By keeping a child out of school we are stopping them experiencing and gaining these important things.

Young people who regularly miss school without good reason are more likely to become isolated from their friends, to underachieve in examinations and/or become involved in anti-social behaviour.

Parental requirements

All parents/carers of St. Peters' pupils should:

  • ensure that they are fully aware of the school’s attendance policy
  • have children in class by 8:50am
  • inform the school of any absence and keep us up to date of any prolonged absence
  • avoid medical and dental appointments during the school day
  • not take holidays in school term time



Of course, it’s better to be late to school than to not arrive at all. However, we always encourage punctuality at school. Not only is it a good habit to learn from an early age (it will help them when they come to have a job later in life), but being on time is also important for a child because:

  • it helps them settle into the school day well, with everybody else
  • it helps them make and keep friends
  • it improves self-confidence
  • class teachers often include learning sessions during registration

In fact, by regularly arriving late, children can miss a lot of learning time!

  • Arriving 5 minutes late every day adds up to 3 days lost each year
  • Arriving 15 minutes late every day is the same as being absent for nearly 2 weeks a year
  • Arriving 30 minutes late every day is the same as being absent for 18 days a year

Being on time is important!

Some other reasons being late is a bad thing include:

  • It can be embarrassing
  • It can damage a child’s confidence
  • It may lead to children being confused and missing vital instructions, information and bits of news at the start of the day
  • It disrupts everyone else’s learning

Some simple tips that can help with punctuality include:

  • establishing a good bedtime routine
  • making sure children go to bed to sleep and not be distracted by TVs or computer games
  • setting an alarm clock
  • allowing plenty of time to get to the academy in a morning
  • making arrangements with family or friends to help or share the responsibility, especially if you have more than one school to go to
  • talk to the your child’s teacher if you have problems getting your child to the academy on time


School attendance and the law

A child’s education is very important, so the law is strong when it comes to helping a child receive it. According to the Government, ‘local councils and schools can use various legal powers if your child is missing school without a good reason’:

  • Parenting Order
  • Education Supervision Order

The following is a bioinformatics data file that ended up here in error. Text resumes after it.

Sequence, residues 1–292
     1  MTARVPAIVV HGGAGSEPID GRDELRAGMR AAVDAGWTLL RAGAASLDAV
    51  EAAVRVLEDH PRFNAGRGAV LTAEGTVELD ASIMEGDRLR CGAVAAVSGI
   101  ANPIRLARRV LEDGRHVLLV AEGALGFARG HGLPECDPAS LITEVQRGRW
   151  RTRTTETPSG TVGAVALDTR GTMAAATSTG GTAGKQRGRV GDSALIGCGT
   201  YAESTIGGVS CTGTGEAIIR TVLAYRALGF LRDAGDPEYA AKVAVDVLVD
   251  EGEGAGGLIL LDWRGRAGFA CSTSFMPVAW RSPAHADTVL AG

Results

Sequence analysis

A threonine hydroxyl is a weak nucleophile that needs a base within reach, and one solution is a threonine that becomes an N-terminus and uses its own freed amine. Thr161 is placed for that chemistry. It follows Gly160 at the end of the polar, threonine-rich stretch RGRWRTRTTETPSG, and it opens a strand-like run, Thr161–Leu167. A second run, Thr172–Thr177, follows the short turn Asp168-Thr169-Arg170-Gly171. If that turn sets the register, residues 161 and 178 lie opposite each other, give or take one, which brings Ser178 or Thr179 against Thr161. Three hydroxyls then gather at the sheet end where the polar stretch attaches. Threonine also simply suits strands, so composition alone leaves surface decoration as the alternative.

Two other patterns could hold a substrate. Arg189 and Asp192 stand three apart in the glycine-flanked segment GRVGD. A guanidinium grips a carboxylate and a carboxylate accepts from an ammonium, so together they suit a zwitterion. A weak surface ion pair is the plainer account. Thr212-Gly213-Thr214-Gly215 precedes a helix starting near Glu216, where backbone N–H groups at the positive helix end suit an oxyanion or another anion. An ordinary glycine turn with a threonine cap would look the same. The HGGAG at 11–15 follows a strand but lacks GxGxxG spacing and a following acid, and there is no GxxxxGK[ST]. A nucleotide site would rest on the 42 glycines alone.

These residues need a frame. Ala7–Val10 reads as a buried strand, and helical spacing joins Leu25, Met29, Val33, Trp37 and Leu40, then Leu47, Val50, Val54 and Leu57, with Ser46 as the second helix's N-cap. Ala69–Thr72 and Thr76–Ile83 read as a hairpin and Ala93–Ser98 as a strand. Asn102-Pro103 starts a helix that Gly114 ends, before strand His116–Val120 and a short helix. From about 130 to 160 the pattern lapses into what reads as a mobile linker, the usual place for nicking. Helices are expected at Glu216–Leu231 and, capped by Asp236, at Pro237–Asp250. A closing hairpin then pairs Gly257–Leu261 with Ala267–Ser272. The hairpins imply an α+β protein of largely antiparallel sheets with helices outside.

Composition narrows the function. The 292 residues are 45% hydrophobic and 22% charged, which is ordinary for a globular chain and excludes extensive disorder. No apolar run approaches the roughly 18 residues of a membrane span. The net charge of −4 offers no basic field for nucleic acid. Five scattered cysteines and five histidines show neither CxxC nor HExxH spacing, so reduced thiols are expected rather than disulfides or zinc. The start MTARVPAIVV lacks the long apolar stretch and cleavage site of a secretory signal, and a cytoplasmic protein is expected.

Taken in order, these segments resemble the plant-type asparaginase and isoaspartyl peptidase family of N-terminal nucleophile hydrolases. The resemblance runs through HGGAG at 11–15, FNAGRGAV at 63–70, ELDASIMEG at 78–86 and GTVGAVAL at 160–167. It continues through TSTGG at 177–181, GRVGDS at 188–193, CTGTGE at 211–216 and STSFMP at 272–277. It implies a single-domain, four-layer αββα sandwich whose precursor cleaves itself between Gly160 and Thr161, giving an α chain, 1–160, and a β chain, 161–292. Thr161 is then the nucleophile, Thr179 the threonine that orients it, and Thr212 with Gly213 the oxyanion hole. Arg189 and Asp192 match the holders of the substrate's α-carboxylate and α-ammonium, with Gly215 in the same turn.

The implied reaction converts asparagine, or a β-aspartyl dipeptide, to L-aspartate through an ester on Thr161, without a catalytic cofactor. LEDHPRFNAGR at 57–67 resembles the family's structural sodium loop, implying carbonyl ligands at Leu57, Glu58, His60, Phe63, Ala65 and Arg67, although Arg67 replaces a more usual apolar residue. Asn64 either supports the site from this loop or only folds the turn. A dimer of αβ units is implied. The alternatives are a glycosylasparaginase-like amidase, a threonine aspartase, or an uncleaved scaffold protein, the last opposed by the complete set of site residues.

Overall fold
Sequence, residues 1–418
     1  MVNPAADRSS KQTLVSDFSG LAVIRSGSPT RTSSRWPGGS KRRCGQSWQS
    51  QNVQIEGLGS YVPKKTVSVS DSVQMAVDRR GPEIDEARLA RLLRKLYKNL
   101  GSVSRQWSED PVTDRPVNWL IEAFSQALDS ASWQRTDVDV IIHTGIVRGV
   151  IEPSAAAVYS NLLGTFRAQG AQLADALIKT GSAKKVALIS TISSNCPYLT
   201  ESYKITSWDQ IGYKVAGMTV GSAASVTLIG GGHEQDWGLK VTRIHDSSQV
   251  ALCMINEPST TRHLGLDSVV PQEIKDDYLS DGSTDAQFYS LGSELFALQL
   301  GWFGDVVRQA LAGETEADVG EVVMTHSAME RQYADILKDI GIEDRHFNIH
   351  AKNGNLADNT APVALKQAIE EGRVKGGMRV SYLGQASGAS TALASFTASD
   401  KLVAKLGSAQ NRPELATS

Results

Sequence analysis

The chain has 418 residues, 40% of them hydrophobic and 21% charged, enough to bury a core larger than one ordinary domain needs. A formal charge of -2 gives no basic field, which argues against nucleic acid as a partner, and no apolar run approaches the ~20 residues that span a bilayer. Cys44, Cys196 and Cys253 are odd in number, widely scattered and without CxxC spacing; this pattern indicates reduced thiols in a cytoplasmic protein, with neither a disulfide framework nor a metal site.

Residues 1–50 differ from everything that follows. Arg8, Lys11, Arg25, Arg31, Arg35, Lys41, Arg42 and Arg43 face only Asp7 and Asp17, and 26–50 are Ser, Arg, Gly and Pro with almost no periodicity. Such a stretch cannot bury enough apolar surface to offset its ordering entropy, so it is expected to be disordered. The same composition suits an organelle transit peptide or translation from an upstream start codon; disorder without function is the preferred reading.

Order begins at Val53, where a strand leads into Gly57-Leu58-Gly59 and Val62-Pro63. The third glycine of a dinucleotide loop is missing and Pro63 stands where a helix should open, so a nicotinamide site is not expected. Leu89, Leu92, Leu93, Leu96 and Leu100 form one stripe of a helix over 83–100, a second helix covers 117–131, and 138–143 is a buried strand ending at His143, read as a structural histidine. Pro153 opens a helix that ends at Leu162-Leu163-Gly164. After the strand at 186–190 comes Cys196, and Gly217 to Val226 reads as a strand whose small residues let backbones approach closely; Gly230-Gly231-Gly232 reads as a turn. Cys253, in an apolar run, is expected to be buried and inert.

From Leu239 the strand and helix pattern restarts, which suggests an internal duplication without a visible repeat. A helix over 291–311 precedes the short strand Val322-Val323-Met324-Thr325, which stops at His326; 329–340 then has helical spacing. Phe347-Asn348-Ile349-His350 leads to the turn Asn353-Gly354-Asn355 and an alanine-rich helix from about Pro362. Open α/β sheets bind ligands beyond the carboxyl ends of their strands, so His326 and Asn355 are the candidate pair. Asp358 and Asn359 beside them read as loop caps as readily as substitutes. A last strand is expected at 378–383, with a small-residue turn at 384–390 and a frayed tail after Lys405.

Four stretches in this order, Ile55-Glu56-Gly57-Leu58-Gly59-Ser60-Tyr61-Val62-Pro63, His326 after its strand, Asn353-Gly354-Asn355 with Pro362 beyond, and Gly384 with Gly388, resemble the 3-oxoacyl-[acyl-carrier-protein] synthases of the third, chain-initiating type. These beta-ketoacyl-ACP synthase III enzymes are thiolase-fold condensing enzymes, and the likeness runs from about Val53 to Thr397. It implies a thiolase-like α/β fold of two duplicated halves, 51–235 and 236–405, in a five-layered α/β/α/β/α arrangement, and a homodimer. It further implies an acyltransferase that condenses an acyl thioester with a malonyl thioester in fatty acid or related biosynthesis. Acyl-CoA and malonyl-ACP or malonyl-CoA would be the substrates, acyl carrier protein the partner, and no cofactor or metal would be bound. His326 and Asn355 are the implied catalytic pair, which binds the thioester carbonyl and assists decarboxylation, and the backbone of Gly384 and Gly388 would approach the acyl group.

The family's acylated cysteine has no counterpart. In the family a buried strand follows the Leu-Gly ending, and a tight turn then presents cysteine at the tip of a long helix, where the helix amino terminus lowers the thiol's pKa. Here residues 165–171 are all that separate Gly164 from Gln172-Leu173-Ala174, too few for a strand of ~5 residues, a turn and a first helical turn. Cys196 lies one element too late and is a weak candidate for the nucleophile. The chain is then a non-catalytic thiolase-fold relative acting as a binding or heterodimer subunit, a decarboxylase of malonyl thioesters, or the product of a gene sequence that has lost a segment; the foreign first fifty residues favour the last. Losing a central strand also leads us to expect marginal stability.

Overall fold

• School Attendance Order
  • penalty notice


Please note, ‘you can be given one or more of these orders but the council doesn’t have to do this before prosecuting you’.

A parenting order ‘means you have to go to parenting classes. You’ll also have to do what the court says to improve your child’s school attendance’.

‘If the council thinks you need support getting your child to go to school but you’re not co-operating, they can apply to a court for an Education Supervision Order. A supervisor will be appointed to help you get your child into education. The local council can do this instead of prosecuting you, or as well’.

‘You’ll get a School Attendance Order if the local council thinks your child isn’t getting an education’. ‘The order will require you to send your child to a specific school. If you don’t, you may be prosecuted’. Instead of being prosecuted, you can be given a penalty notice.


In line with guidance provided by Nottinghamshire, a referral for a penalty notice could be made in the following circumstances:

  • more than 3 days unauthorised absence over a 6 week period
  • more than 3 days unauthorised absence where this is for the purpose of a holiday in
    term time
  • where parents fail to ensure that their child attends regularly even though support
    has been provided by the school
  • where there is a repeated pattern of unauthorised absence leading to attendance
    below 95%
  • where a pupil is persistently late for 10 separate instances over a period of six
    school weeks and where these are signified as a “U” in the attendance register



The penalty is £60, rising to £120 if paid after 21 days but within 28 days. If you don’t pay the fine you may be prosecuted’.

In this context, being prosecuted means getting ‘a fine of up to £2,500, a community order or a jail sentence up to 3 months. The court also gives you a Parenting Order’.



Holidays during term-time


Please click on the link below to read Nottinghamshire County Councils guidance regarding holidays during term-time